Child sleeping in a bed full of stuffed animals


We can joke fondly about it now, but my forty-two-consecutive-month campaign against a full night’s sleep nearly broke my parents. They managed to hone hour-of-the-wolf parenting into a fine art by the end of this waking nightmare. They took shifts with me. Sometimes they’d take me down to the living room, set up camp in front of the TV and repeatedly play my favourite segments from Singin’ in the Rain and the Winnie the Pooh movie. Or they’d sit me at the small table they’d put next to their bed and hand me some crayons so that I could blissfully colour while they watched over me in semi-consciousness.

I Overcame My Autism and All I Got Was This Lousy Anxiety Disorder

Sleep is a strong predictor of quality of life and has been related to cognitive and behavioral functioning. However, research has shown that most autistic people experience sleep problems throughout their life. The most common sleep problems include sleep onset delay, frequent night-time wakings and shorter total sleep time.

Several self-reported practices that facilitate better nocturnal sleep were identified. Those were organized into two thematics: Evening/bedtime factors and Day time factors. These included practices such as personalized sensory and relaxation tools before bed and during night-time, engaging in a range of physical activities during daytime and accommodating personal time to engage with highly preferred and intense focus activities and hobbies. It also included spending time in predictable and fun ways with family members before bedtime.

The outcomes from the current study showed that sleep facilitating factors are in a direct contrast to the sleep hygiene recommendations. Therefore, it is thus important for the sleep practitioners and healthcare providers to move beyond providing standardized sleep hygiene interventions. A Lifeworld led care model that pays attention to personal experiences, promotes sense of agency, evaluates both autism-specific strengths and struggles could and should complement biomedical approaches.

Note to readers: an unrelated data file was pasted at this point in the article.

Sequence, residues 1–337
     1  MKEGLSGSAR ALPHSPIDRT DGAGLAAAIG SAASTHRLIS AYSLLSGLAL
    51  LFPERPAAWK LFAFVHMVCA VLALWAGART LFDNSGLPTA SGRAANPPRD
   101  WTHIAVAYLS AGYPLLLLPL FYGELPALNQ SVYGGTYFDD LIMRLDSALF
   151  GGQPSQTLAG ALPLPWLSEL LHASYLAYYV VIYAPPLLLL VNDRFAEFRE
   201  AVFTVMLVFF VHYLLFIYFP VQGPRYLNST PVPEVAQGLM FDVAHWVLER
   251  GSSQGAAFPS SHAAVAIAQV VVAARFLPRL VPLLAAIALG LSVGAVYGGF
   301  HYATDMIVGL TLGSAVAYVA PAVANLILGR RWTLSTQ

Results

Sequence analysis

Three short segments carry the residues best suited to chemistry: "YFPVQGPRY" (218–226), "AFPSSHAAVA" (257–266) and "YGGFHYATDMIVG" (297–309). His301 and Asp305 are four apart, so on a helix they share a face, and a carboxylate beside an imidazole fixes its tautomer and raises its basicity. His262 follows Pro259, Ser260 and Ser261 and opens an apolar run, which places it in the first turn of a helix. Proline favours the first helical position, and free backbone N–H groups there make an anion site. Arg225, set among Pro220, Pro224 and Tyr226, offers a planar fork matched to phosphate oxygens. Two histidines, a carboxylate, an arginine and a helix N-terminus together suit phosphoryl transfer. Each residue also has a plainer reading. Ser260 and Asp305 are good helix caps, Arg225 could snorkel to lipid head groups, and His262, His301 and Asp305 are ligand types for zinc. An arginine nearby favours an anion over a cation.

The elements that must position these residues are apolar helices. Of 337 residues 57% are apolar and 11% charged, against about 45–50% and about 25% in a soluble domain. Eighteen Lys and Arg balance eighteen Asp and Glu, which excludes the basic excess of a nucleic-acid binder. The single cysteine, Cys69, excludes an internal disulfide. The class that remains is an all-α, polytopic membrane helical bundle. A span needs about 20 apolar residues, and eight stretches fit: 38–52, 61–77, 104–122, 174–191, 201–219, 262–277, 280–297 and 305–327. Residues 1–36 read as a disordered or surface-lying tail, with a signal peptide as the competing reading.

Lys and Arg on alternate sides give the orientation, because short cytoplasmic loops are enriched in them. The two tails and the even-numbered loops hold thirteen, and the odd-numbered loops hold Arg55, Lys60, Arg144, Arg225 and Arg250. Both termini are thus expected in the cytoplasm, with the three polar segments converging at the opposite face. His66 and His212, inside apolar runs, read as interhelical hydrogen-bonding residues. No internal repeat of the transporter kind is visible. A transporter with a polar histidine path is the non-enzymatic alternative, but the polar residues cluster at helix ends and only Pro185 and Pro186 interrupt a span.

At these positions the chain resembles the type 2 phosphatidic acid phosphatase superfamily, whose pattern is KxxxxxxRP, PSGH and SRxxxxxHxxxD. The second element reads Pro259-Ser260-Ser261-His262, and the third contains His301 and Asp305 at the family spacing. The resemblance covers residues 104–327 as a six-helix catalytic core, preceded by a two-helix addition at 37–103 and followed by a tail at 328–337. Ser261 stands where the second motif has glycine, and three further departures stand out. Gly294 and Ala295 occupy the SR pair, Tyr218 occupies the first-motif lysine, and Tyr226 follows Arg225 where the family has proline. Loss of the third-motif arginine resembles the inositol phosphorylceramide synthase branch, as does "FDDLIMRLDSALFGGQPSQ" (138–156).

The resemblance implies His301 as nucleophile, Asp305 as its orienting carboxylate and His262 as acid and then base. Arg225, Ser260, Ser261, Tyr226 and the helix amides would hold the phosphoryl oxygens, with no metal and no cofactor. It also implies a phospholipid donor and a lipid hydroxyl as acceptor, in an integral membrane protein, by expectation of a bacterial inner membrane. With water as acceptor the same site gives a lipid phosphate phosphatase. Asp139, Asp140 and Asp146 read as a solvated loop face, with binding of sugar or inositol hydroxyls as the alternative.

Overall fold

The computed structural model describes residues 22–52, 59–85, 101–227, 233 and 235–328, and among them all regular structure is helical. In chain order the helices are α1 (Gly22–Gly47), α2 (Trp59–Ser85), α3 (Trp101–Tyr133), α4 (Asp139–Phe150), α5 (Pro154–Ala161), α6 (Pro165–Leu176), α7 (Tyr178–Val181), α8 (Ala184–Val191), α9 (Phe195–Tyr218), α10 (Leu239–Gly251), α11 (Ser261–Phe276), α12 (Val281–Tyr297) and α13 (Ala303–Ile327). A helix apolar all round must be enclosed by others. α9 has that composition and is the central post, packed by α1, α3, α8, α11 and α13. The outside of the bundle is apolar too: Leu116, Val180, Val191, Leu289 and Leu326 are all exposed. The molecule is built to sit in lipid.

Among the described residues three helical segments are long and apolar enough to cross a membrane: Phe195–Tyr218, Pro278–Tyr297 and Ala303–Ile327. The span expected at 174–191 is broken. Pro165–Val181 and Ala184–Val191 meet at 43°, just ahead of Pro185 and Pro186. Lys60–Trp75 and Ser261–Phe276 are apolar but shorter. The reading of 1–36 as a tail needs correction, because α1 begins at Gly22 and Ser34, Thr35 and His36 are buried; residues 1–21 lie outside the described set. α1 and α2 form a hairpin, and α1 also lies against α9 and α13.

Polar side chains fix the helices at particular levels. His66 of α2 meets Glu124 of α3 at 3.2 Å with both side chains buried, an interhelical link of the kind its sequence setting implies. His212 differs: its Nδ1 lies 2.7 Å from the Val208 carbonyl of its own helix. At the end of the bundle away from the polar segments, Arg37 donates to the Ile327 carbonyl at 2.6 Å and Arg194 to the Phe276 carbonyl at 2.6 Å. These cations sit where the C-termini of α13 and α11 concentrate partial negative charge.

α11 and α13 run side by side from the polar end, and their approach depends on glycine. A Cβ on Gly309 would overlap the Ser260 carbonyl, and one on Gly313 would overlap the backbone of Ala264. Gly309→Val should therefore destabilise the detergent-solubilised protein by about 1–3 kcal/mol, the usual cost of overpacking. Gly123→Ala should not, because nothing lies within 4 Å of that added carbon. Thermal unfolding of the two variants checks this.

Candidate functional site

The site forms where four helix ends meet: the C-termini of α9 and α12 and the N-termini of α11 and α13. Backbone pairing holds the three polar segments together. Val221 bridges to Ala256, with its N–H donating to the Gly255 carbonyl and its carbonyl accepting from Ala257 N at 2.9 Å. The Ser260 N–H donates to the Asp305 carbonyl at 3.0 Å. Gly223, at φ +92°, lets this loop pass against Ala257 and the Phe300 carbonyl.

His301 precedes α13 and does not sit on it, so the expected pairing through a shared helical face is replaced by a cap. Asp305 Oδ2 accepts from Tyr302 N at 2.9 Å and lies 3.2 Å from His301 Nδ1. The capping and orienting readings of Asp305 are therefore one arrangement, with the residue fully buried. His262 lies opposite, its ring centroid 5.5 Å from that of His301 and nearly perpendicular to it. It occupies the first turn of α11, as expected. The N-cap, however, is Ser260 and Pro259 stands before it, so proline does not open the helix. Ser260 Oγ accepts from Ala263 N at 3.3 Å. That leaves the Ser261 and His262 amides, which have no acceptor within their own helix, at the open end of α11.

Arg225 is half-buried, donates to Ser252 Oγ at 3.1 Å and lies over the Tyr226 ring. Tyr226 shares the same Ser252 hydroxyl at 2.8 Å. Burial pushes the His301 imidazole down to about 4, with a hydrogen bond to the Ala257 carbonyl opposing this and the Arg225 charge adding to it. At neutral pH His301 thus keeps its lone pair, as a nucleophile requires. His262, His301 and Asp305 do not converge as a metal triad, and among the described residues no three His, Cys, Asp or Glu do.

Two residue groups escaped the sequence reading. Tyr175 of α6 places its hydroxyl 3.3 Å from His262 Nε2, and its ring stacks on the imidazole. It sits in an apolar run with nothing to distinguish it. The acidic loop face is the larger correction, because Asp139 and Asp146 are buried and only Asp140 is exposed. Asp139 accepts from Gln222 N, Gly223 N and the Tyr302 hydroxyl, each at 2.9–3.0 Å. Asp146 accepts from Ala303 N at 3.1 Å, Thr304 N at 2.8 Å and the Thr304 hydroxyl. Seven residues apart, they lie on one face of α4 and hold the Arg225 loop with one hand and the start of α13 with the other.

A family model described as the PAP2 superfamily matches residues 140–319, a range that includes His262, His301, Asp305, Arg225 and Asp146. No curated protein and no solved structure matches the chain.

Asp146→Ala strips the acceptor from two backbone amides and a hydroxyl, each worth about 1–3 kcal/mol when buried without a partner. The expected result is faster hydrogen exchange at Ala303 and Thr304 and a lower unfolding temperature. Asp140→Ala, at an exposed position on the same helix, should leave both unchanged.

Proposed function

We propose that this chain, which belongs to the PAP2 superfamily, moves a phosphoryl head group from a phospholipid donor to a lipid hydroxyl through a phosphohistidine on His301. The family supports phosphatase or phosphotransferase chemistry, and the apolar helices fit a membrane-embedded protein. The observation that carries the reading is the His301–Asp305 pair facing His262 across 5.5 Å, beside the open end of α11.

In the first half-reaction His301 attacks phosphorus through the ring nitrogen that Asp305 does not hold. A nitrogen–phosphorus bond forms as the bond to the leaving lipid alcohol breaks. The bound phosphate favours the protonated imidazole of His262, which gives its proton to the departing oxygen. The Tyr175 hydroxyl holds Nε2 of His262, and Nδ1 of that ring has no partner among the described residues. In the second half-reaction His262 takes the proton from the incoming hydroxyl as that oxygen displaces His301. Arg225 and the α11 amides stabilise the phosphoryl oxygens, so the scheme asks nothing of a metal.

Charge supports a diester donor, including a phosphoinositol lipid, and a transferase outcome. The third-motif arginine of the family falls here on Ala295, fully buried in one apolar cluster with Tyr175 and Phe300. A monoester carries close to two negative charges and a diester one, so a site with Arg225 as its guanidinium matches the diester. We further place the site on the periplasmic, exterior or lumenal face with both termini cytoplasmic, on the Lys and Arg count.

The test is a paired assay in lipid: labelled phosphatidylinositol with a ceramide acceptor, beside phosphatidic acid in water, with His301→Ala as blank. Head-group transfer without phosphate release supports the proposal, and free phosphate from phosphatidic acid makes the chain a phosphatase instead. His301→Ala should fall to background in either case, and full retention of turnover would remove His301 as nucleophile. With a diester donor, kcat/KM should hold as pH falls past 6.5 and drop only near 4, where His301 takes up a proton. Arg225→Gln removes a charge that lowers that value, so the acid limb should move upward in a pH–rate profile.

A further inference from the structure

Our results highlight that sleep should be treated individually and in relation to the environmental and personal factors that affect each autistic person. Hence, researchers and professionals may benefit from working collaboratively with autistic adolescents with the aim to identify individual strengths and adopt a positive narrative around sleep. Furthermore, it is important to further examine both the daytime and evening factors that may affect bedtime and the quality and quantity of sleep as well as the role of intense focused interests and physical activities that cultivate positive feelings and help autistic people to relax before bedtime.

The personal accounts of autistic adolescents in our study verify the importance of sensory comfort and lowering anxiety before and during bedtime and are in line with the work of Mazurek and Petroski (2015, pp. 270–279) who found strong links among sleep problems, sensory responsivity and anxiety.

Furthermore, our results show that adolescents have a wide range of personalized sleep habits which help them to accommodate a good night’s sleep. For example, they feel that predictable interactions with family members may facilitate a relaxing routine before bedtime while daytime factors such as physical activity, positive school experiences and sufficient time for hobbies will also result in good nocturnal sleep.

The results emphasize the humanistic value and holistic contextuality of lived experience in sleep research. Our results suggest that it is imperative to facilitate sleep autonomy during bedtime and shift from generalized sleep hygiene practices created and used by non-autistic people to personalized sleep practices for the autistic population.

Frontiers | A Good Night’s Sleep: Learning About Sleep From Autistic Adolescents’ Personal Accounts